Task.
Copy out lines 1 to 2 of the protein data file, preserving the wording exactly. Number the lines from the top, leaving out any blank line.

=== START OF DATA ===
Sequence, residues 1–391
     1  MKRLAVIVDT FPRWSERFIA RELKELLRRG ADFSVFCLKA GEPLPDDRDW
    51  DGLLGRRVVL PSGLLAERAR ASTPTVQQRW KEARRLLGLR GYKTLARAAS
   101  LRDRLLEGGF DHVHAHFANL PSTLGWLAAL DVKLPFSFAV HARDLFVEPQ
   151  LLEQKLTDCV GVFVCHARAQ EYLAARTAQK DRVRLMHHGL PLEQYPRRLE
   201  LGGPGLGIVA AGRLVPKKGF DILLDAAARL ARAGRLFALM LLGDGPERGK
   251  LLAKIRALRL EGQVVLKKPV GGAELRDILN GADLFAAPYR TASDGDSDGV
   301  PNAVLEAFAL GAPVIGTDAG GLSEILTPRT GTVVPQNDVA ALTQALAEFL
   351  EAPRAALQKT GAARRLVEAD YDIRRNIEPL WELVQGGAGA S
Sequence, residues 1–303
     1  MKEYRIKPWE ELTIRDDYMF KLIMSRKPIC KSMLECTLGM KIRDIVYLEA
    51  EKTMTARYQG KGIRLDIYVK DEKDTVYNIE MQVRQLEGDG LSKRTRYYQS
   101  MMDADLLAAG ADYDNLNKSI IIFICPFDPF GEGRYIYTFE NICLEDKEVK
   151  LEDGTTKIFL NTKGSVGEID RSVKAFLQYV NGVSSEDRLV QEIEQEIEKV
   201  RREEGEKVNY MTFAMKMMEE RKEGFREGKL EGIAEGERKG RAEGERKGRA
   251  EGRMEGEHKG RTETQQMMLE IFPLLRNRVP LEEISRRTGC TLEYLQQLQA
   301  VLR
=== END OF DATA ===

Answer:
Sequence, residues 1–391
     1  MKRLAVIVDT FPRWSERFIA RELKELLRRG ADFSVFCLKA GEPLPDDRDW